In the featured image for this bookshop, you will see the wondrous invention in the right handed corner and a wondrous invention it most certainly is. Here is the video to show you how it operates and it is essentially book-porn. No two books are the same and for two dollars you could find your new favourite book, so I’ll see you there!

3.) BRAZENHEAD BOOKS: NEW YORK (ALTHOUGH NOT ANYMORE)

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IF YOU’RE READING THIS IT’S TOO LATE

I don’t know how to tell you this but unfortunately I can never visit Brazenhead Books because it’s no longer in existence. If you’re interested in the details then this article sums up perfectly the essence and fall of Brazenhead but essentially it had always sparked controversy as it was a “secret bookshop”. The details of its whereabouts were always kept on the down-low but as the popularity increased, people began to post on social media about where it was which ultimately led to its demise.

The owner described it as “a bigger thing than a bookstore — it’s a community of writers” and the apartment in which the bookstore resided in was rid of appliances and anything useful for living. It was an apartment of books which provided an atmosphere of mystery and intrigue. People didn’t walk past the apartment and think “Oh here’s a bookshop, lets have a browse”, they had to phone or email Michael Seidenberg, the owner, directly to arrange a time to drop by. 

It’s sad to see a bookstore cease to exist and it will be forever held in our memory.

RIP

4.) THE BOOK NOOK: TEXAS

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“I like bargains so a bargain rack or shelf, charity bookshops are the love of my life”

If we refer back to no.4 on my bookshop requirement, this Texan bookstore is absolutely perfect, in fact they even have a page on their website dedicated to their deals.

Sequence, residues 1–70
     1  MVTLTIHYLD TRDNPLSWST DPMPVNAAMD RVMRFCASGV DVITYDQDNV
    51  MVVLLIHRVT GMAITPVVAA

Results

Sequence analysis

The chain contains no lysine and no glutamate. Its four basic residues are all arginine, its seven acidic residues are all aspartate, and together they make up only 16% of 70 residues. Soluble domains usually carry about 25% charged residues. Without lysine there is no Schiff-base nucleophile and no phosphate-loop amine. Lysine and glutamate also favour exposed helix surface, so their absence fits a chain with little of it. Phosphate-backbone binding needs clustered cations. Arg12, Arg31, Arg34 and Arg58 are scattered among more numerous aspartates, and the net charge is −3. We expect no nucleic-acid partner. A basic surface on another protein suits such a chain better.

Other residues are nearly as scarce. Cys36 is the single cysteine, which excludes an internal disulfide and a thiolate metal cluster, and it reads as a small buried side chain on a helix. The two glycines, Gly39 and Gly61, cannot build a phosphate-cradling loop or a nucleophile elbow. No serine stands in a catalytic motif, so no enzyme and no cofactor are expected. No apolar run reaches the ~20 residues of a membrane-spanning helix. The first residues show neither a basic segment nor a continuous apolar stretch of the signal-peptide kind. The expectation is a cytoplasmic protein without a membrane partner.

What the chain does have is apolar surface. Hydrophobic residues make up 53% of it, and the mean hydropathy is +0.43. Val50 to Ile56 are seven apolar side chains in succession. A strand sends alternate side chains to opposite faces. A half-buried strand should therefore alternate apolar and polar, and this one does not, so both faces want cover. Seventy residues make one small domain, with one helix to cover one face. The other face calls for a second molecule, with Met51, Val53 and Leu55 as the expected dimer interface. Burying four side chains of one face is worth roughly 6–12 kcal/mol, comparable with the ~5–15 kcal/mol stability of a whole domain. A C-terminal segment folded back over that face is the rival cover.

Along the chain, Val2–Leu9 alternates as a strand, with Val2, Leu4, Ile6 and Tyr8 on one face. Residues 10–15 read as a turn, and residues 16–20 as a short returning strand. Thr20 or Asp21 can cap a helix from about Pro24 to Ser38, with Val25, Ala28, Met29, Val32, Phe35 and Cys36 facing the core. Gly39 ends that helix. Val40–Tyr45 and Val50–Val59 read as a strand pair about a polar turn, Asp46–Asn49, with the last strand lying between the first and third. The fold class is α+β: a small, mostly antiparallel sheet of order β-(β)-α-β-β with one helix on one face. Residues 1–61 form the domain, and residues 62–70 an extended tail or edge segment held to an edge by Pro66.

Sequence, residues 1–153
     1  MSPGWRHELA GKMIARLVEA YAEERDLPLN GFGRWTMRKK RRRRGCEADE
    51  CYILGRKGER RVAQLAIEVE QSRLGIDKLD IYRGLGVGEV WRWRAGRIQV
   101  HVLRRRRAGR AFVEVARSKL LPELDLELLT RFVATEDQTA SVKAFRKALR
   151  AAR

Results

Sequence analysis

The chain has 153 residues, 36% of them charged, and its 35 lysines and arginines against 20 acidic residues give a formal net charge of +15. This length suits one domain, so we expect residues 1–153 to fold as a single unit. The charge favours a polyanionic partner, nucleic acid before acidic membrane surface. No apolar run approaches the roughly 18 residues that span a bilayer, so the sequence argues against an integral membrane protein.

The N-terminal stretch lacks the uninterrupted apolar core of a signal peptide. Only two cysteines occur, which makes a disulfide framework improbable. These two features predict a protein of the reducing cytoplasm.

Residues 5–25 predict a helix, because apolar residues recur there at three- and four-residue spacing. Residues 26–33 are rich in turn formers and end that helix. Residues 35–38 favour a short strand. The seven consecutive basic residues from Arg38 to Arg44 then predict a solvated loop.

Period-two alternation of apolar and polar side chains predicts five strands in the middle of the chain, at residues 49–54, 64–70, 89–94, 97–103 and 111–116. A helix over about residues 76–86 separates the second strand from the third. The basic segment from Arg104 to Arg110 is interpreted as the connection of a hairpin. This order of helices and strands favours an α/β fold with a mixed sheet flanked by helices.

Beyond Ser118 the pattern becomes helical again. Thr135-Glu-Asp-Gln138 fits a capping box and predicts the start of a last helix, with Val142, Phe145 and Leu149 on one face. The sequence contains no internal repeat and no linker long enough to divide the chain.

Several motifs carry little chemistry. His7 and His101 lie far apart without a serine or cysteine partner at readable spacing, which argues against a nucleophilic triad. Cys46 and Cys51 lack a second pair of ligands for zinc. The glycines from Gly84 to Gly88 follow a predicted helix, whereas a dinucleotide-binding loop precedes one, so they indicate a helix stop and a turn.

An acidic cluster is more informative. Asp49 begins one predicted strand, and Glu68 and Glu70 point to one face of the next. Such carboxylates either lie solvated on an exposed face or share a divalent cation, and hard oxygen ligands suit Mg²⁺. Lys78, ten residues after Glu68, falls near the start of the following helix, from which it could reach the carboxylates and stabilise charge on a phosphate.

They have a paperback cart where and I quote, “most paperbacks on the cart are 25 cents” and they have “Bags o’Books” which include “14 (or more) paperbacks in a clear plastic bag for $5. There’s nothing wrong with them- they’re just books that sat on the shelf for too long, and had to make way for new arrivals.”

Furthermore, for every bag full they sell, the store donates box of books to troops serving overseas. Thoughtful and cheap: my kind of store! 

5.) BOOK PEOPLE: AUSTIN, TEXAS

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In reference to point no.2:Books, books and possibly a few more books” , this bookstore is the largest in the state of Texas which must be some mighty achievement. Most bookstores sell merchandise for the books they sell such as, bags, badges and mugs but this store is so loved that they have their own.

They are open 364 days a year with the exception of Thanksgiving and have their own café which I always appreciate. They run book festivals, birthday parties, story times (in their own small theatre), author events and have a massage chair. They are not a book shop, they are a way of life. 

Not only are they a pillar of their own community but they are involved in a project called “Words Across the World”, using reading to educate the children of Austin about the wider world as well as raising funds and donating books to those that are not lucky enough to have books at their disposal. 

This store ticks so many points from my list and is one that I will definitely put on my bookshop bucket list!

Thanks for reading!

Emily Simms: 21:49